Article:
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In the Old North End, Arts Organizations Face a Move


North End Studios - PAMELA POLSTON
  • Pamela Polston
  • North End Studios

From the sidewalk outside 294 North Winooski Avenue in Burlington, passersby can smell the sawdust from renovations for the forthcoming Little Morocco Café. It will be a radical transformation of the former headquarters of the Vermont Workers' Center. The new restaurant, along with recently opened Knead Bakery on the Archibald Street side of the building, seems to embody the kind of changes that property manager Jacob Hinsdale hopes to make over the coming years.

Some tenants of the onetime home of Fassetts Bakery are being told that when their lease is up, it won't be renewed.

That's the message Off Center for the Dramatic Arts received in late spring and announced last week in its newsletter and on its website. This is not an eviction; Off Center's lease runs until the end of May 2019, says board president Laura Roald. That gives the organization plenty of time to look for a new home for the 65-seat black box theater, which opened in the Old North End building in 2010. But space is an increasingly scarce — and costly — commodity in the Queen City.

"We've been trying to digest this and planning our next move," Roald says. "We definitely are looking for a new space. We'd like to stay in the Old North End, but we're open."

The Off Center board knows that Main Street Landing Performing Arts Center just renovated its Black Box Theatre, which is larger and more versatile than the theater's current space. But MSL rent is double what Off Center currently charges, Roald says, "and there's a whole level of artists who can't afford that.

"Our goal has clarified since the beginning," she continues, "but really what we take pride in is being able to offer affordable space with lights, seats — all that we've acquired over the years."

Roald adds that this "kick in the pants," though initially upsetting, "is accelerating what was in our five-year plan. We want ... to be more visible and accessible — for people to find us more easily, being able to partner with us. We're going to consider this an opportunity."

Off Center will stage its October Fringe Festival, and other shows scheduled through spring, in its North Winooski Avenue quarters.

The theater nonprofit has subleased its modest space from Ben Bergstein and April Werner, who have been in the building since 2008 and operate North End Studios — studios A, B, C and an event hall. In addition to putting on the annual Vermont International Festival at the Champlain Valley Exposition — last December marked the 25th — the couple keeps busy renting spaces in the ONE. Very busy, according to a jam-packed handwritten calendar on an office wall.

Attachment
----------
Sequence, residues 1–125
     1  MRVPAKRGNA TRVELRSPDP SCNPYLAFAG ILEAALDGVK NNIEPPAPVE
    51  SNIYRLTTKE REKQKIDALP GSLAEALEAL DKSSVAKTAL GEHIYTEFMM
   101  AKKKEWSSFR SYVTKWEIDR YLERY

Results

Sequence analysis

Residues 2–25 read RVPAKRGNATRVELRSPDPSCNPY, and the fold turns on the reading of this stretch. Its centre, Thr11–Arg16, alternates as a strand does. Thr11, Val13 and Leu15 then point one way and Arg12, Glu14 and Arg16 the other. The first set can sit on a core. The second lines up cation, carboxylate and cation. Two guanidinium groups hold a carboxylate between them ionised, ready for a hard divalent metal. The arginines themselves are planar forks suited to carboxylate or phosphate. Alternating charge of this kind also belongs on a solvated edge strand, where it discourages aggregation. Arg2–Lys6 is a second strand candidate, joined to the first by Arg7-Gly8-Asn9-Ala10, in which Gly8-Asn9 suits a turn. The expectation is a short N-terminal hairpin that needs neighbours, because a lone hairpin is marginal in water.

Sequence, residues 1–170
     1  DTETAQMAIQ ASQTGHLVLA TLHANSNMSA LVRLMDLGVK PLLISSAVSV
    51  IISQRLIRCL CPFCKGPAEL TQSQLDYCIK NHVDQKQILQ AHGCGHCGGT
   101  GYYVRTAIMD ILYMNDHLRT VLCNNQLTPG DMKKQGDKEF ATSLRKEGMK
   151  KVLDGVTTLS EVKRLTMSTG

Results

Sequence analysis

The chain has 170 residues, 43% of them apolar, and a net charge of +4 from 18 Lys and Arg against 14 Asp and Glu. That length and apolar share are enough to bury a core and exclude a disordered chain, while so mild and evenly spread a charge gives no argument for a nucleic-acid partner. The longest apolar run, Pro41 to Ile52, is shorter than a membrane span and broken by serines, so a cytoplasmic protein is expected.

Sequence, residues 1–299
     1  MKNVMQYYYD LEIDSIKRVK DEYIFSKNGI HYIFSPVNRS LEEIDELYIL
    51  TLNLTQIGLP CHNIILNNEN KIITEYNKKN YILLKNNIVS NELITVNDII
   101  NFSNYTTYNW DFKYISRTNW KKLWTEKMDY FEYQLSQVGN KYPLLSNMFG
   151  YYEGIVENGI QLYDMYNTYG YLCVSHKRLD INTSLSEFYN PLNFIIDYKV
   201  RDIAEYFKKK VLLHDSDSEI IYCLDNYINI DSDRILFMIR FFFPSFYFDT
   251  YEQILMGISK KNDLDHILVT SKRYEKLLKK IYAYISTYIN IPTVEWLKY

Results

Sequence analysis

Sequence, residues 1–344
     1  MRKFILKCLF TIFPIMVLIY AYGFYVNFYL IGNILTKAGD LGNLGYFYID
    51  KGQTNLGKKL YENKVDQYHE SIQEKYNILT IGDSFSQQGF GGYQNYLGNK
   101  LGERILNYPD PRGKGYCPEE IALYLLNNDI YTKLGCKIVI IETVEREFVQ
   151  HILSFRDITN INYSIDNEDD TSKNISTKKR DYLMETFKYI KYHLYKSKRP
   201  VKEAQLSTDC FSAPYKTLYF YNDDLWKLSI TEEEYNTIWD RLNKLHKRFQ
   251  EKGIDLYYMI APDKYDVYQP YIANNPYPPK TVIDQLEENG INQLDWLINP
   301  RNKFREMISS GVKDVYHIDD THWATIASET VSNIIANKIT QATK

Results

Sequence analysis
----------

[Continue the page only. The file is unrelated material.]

"We are driven by what people want to do here," says Werner. That includes dance and fitness classes, talks, meetings, and an array of community events. Last weekend, a local couple got married here. And Werner notes what she calls "a resurgence of performance" — including the Nightshade Kitchen series presented by Foam Brewers, which features music and food.

Rents start at about $75 an hour and vary by event type and number of attendees, Bergman says. Professional lighting and sound equipment are in-house, as are tables and chairs, a kitchen, and portable mirrors on casters. What North End Studios does not have is an alcohol license, but Werner notes that it partners with a local bar to handle drink catering.

All of this will be available until North End Studios' lease is up, at least four years from now.

While Hinsdale's newest tenants might indicate a preference for food businesses, the vision he articulates for 294 North Winooski sounds similar to that of Werner and Bergstein. "We are looking for a diverse and interesting building, from dancing to eating, a place that the community can enjoy," he says by phone. Hinsdale adds that CCTV Channel 17/Center for Media & Democracy — an upstairs tenant since 1990 — is "an incredibly important part of the mix."

CCTV executive director Lauren-Glenn Davitian confirms that Hinsdale has said nothing to them about their lease.

In Bergstein's view, "This is a typical gentrification thing." He suggests that Hinsdale "wants to make his mark as a real estate person." North End Studios and the other arts-related enterprises in the building, Bergstein says, "are in here under another premise — community oriented, not profit motivated."

Yet he doesn't blame Hinsdale. "Jacob's passion, his point of view, is that he's doing something he thinks is economically good for the Old North End," Bergstein says. "It's his building. We live in a capitalist society."

If Bergstein is taking a philosophical attitude, it helps that he and Werner have already "put down roots" in St. Joseph School just blocks away. Purchased by Champlain Housing Trust in 2017, the former Catholic school houses several community groups, including the Association of Africans Living in Vermont, Very Merry Theatre and Robin's Nest Children's Center. Bergstein and Werner manage a sizable area that includes the cafeteria and kitchen. Though the space is configured differently, it could accommodate some of the events and activities that take place in North End Studios.

"Besides St. Joseph, we will look for more space," says Bergstein. Leaving North Winooski Avenue, though, is still years away.

Meantime, the Off Center team is actively seeking a new home and, says Roald, "looking for any partners who might be interested." 

The original print version of this article was headlined "Tenants in the ONE Arts Scene Are Facing a Move"